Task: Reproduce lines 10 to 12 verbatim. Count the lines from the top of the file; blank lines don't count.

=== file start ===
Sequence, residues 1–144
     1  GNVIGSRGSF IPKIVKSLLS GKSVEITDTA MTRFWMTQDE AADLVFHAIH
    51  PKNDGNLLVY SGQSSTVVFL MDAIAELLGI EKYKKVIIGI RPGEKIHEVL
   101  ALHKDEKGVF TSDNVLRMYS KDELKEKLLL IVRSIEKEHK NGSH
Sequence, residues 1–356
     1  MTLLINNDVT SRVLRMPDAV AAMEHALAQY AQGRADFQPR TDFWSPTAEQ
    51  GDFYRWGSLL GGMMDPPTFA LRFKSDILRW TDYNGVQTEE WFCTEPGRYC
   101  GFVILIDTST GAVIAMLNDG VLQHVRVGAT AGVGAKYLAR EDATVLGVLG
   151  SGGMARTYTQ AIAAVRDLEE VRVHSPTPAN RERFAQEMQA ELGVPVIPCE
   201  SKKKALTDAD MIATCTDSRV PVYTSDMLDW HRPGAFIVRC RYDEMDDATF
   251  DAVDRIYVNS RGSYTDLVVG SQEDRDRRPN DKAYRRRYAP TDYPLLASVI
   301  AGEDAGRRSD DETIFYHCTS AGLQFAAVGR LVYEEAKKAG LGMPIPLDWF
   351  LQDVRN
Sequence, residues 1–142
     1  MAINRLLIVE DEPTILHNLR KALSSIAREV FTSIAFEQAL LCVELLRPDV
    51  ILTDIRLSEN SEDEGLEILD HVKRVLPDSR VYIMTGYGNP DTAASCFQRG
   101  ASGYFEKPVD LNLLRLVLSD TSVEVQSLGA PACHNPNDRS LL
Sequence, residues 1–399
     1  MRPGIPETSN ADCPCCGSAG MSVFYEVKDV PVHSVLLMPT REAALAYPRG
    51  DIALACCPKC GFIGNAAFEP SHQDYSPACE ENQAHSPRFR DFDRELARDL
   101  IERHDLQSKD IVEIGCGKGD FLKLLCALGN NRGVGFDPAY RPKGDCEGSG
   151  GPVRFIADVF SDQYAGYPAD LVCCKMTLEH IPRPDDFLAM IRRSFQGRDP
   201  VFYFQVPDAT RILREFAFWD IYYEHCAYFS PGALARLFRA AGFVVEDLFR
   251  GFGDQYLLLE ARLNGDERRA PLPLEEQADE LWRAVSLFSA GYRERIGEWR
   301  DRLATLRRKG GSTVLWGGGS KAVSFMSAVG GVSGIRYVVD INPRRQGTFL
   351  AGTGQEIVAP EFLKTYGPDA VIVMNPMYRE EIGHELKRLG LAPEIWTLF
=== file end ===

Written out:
   201  SKKKALTDAD MIATCTDSRV PVYTSDMLDW HRPGAFIVRC RYDEMDDATF
   251  DAVDRIYVNS RGSYTDLVVG SQEDRDRRPN DKAYRRRYAP TDYPLLASVI
   301  AGEDAGRRSD DETIFYHCTS AGLQFAAVGR LVYEEAKKAG LGMPIPLDWF